What Riley (1996) perfectly points out is the fact that for delivering a high quality service in the hospitality industry, it is important to reduce labor turnover. Even if the constantly changing workforce is well trained, high labor turnover can never lead to consistent and high-quality service. Therefore, the focus of management should lie on keeping the existent employees, increasing their job satisfaction and reaching employee commitment to the company. To achieve higher commitment by employees, more so-phisticated motivation practices must be implemented by management. Lashley (2001) links the importance of good service quality to increased customer satisfaction and re-tention, which in turn leads to employee satisfaction and lower turnover. Reduced turn-over again leads to customer satisfaction as well as to good service quality and thus, the virtuous cycle is closed.

The question that now arises is how those employees can be motivated in order to make them not only perform their duties on a sufficient level, but also actively take respon-sibility in order to exceed what is expected from customers (Riley, 1996). According to research, empowerment can serve as a motivational tool to provide high-quality ser-vice, as it, if successfully implemented, addresses and fulfills some intrinsic needs, such as the need for self-actualization, power and achievement (Thomas and Velthouse,

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1990). In addition to that, some argue that empowerment also has the ability to enhance employee job satisfaction, as it provides intrinsic rewards when performing the job (Thomas and Tymon, 1994). In the following paper the author examines arguments of researchers about empowerment and its abilities to increase service quality as well as job satisfaction. Referring to this, the author formulated research questions to find out if and how empowerment influences service quality as well as job satisfaction and if and how those three concepts are interlinked.

1.1 Structure of the work

By writing this thesis, the author combines existing literature on the topics of empow-erment, how empowerment can be explained as a motivational tool by relating it to some motivation theories, how empowerment is linked to service quality, and how it can lead to job satisfaction.

Chapter 2 will mainly deal with literature concerning empowerment: how the term can be defined, which different perspectives exist, what is necessary for empowerment to be implemented, which techniques can be used to empower people, how empowerment works as a motivational tool and what potential benefits a company can gain from em-powerment.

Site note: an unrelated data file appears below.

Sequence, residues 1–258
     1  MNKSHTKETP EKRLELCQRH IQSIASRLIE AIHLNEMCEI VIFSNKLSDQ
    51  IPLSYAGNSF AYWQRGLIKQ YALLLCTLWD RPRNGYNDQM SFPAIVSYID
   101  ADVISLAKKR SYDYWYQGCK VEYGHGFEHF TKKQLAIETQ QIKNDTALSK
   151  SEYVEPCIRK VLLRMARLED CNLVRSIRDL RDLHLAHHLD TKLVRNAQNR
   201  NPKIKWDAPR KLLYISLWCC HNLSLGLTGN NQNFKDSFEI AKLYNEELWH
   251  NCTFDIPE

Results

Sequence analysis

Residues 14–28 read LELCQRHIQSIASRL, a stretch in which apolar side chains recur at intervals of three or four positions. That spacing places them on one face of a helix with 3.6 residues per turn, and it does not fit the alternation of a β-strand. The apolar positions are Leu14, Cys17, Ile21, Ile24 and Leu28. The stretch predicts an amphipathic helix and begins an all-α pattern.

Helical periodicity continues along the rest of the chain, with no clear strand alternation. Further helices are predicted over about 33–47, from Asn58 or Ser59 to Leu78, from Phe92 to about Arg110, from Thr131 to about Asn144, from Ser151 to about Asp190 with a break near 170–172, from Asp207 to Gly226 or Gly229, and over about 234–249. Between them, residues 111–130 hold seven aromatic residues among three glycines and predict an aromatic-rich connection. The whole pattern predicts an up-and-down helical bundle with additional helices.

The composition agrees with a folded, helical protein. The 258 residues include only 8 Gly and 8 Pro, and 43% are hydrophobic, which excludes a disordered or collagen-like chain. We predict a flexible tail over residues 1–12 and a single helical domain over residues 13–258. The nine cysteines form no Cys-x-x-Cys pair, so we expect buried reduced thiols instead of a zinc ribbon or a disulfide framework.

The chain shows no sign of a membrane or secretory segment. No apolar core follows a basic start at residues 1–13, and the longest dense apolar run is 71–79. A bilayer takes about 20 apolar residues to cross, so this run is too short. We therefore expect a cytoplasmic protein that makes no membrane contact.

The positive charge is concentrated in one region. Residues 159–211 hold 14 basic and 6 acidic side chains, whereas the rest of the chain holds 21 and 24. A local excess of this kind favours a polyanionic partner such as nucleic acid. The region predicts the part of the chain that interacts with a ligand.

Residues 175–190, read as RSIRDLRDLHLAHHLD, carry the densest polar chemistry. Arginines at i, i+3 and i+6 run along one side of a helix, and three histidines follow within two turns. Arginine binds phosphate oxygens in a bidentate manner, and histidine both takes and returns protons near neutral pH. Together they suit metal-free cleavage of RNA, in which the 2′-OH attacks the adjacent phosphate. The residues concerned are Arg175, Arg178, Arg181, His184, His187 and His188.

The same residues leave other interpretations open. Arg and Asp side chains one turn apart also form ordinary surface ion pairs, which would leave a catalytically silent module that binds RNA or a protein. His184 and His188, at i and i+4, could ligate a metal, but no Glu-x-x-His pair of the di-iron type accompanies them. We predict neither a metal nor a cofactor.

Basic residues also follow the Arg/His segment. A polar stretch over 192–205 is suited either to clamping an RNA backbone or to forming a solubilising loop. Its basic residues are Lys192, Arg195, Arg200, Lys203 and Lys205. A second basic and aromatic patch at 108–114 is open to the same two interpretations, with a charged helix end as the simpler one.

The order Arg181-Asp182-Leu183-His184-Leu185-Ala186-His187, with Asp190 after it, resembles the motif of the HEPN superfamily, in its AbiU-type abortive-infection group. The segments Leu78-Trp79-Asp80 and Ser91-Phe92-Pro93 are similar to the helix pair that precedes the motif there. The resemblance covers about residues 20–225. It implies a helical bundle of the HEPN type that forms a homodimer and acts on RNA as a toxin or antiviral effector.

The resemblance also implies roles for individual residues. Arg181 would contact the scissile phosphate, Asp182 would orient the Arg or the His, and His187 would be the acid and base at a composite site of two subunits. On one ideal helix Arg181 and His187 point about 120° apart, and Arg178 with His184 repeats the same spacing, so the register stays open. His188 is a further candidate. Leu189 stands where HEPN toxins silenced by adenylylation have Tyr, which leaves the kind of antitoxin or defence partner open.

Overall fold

Having examined empowerment in more detail, the author focuses on service quality in Chapter 3, followed by Chapter 4 which contains the concept of job satisfaction. Chapter 5 will then link empowerment to service quality, meaning how service quality can be enhanced by empowered employees, and to increased job satisfaction. The au-thor also will provide an insight into the linkage of empowerment, job satisfaction, and service quality.

In Chapter 6, the methodology for research will be described in more detail. The find-ings of the expert interview and a discussion to the previously mentioned existing lit-erature can be found in Chapter 7.

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Empowerment

The term empowerment is already spread and used in a variety of contexts, such as psychology, social work, emancipation of women, politics, education, law, and em-ployment (Conger and Kanungo, 1988; Lashley, 2001; FRIDE, 2006). This develop-ment into different directions and fields of usage caused the meaning of the word to become blurred (Lashley, 2001). As there is no universally accepted definition existing, depending on the context, several interpretations of the term empowerment can be ob-served: some define it as “an alternative strategy to the traditional way of promoting development”, others as “the ability to make decisions in questions that affect the life of a person”, and still others simply as “a change in the relations of power” (FRIDE, 2006, p. 4).